Third, actions meant to signal resolve often backfire. Look at Iran, for example. In 1991, the U.S. demolished Saddam’s army because he failed to comply with American and international demands. Instead of causing Iran to submit itself to American hegemony, the routing of its neighbor’s army encouraged Iran to seek nuclear weapons in an effort to mitigate America’s dominance in conventional warfare. The attacks on Libya also had perverse spillover effects beyond just creating a power vacuum in northern Africa. After all, Qaddafi gave up his nuclear aspirations to comply with Western demands. Then, only a decade later, the West betrayed him and assisted in his ousting and death. The next time Kim considers giving up his nuclear arsenal, he’ll remember what happened to his fellow strongman Qaddafi and probably hold on to his nukes. This is not to say that the First Gulf War or Operation Odyssey Dawn were poor decisions. However, it is to say that military posturing and preemptive warfare is not always the best way to signal resolve or enhance one’s credibility. More often than not, being overtly aggressive and unilateral in one’s foreign policy doesn’t lead to prestige, it leads to other states resisting and counterbalancing. To quote Conor Friedersdoorf’s excellent article in the Atlantic:
Arguments that turn on signal-sending so often adopt assumptions about the signal to be sent that are highly questionable at best, and that are, at worst, simplistic, naive, and totally lacking in rigor. Their advocates never seem to look back and notice the signals that don’t work. The Iraq invasion was predicated in part on the fact that Saddam Hussein gassed his own people, and the belief that he had chemical weapons. Yet neither the Iraq invasion nor the execution of Saddam Hussein stopped chemical weapons from being used in Syria.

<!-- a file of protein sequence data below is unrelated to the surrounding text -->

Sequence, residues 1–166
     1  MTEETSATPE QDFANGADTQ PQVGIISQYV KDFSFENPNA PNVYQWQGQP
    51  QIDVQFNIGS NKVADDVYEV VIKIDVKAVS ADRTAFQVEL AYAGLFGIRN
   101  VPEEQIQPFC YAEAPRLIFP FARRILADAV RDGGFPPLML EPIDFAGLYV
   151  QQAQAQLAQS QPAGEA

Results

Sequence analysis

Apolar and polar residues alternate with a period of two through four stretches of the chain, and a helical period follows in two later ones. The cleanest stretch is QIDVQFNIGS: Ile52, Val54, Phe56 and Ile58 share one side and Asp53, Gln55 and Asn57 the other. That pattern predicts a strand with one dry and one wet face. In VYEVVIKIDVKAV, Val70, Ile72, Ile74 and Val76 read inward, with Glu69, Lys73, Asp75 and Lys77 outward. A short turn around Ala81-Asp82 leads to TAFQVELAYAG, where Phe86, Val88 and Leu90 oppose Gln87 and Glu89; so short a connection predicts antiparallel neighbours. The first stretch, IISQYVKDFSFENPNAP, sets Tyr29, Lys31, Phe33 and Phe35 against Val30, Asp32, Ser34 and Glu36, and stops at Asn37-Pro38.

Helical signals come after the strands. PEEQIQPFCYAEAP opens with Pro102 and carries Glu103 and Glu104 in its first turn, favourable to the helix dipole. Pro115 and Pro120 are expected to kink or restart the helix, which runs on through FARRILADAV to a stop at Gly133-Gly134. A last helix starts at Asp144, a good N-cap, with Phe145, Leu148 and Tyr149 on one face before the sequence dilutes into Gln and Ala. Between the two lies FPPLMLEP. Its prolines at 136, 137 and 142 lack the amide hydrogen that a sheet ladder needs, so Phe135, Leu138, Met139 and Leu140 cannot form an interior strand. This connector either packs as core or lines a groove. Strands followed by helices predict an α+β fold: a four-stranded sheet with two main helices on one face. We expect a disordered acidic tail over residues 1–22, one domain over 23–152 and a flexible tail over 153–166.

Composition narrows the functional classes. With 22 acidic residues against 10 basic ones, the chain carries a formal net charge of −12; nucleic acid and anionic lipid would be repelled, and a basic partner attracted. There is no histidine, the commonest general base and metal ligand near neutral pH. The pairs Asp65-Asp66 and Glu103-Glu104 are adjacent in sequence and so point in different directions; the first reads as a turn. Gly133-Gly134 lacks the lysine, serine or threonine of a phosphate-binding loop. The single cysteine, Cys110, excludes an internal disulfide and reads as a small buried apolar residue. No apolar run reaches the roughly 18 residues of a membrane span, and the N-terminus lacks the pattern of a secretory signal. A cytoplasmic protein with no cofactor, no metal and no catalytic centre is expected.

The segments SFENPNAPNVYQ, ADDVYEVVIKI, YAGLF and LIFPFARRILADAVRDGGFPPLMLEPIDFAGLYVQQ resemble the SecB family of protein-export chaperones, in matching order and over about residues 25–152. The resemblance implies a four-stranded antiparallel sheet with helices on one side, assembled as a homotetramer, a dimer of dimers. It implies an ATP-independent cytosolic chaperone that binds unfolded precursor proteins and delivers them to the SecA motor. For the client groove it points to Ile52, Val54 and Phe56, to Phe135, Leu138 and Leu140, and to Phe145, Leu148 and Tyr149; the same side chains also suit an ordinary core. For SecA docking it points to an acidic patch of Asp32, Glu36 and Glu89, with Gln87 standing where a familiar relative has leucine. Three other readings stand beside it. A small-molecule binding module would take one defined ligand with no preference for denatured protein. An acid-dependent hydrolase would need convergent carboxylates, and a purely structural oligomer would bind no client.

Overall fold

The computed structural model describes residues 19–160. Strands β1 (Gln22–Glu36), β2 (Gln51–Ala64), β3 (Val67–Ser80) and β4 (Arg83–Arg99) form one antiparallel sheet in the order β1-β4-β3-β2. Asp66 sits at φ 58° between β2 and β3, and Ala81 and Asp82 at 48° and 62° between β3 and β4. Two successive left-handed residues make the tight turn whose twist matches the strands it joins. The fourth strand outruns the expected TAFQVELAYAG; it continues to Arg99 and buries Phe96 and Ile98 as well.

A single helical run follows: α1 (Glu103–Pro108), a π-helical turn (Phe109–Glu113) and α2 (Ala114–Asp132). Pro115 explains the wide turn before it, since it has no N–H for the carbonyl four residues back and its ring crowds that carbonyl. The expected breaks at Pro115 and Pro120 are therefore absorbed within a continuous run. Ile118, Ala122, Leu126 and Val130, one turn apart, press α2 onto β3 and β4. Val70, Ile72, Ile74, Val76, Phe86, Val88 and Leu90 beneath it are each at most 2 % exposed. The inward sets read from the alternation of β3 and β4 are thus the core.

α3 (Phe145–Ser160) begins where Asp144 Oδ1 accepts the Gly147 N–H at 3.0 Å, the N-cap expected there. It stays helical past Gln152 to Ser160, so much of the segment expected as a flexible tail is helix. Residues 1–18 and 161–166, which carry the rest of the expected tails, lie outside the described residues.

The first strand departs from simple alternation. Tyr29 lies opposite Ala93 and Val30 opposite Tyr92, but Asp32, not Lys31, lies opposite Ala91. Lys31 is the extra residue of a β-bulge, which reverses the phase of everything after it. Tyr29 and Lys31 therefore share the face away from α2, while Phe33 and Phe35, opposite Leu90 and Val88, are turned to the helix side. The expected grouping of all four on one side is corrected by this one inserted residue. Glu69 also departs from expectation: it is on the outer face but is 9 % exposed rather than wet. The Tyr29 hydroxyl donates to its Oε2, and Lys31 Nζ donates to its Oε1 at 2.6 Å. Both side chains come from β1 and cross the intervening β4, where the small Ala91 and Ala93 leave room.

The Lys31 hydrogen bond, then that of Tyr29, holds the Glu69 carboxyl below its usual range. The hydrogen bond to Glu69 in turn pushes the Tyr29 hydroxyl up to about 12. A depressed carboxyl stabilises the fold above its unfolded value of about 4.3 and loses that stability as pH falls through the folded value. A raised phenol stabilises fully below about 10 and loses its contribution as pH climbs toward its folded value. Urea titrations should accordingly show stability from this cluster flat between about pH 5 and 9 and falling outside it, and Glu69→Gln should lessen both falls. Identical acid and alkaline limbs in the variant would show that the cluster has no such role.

And what are we to make of the argument that we must intervene because “the world is watching”? It might make sense as a hawkish talking point if most of the world decidedly favored intervention, but that is far from true. The parliament of our closest ally, along with the British people, thinks intervention is a bad idea. Neither the UN nor NATO will endorse intervention, and it’s hard to imagine that, say, Brazil or Canada or India will change its attitudes toward America in any salutary way if and only if we send cruise missiles or bombs into Syria.
The world is always watching, and parts of the world, like Israel, may be eager for America to intervene in Syria. Of course, disappointing the Israelis by failing to intervene, even though they’re watching, wouldn’t do any damage to the United States. Nor is America’s relationship with the hawkish French likely to suffer in any profound way if we stay out of Syria. Meanwhile, there are many parts of the world who are watching Obama and thinking to themselves, “Are those fool Americans so arrogant as to launch another war in the Middle East?” The Signal Hawks often invoke “the world watching” in a way that is totally disconnected from actual world opinion and perceptions of the conflict in question — as if global observers broadly share hawkish notions of credibility.
American strength is the bedrock upon which the international system rests. However, it is finite and should not be squandered on pointless signals that are often irrelevant and frequently counterproductive. The next time you hear Rubio or Clinton wax poetic about the greatness of the American military and the necessity of American intervention against every bad actor under the sun, be very skeptical. Sometimes action is necessary, but frequently it is not. War is not a game, and it is not a cheap tool to scare thugs halfway around the world. It would be tragic if American lives were lost to send a message that might never be received.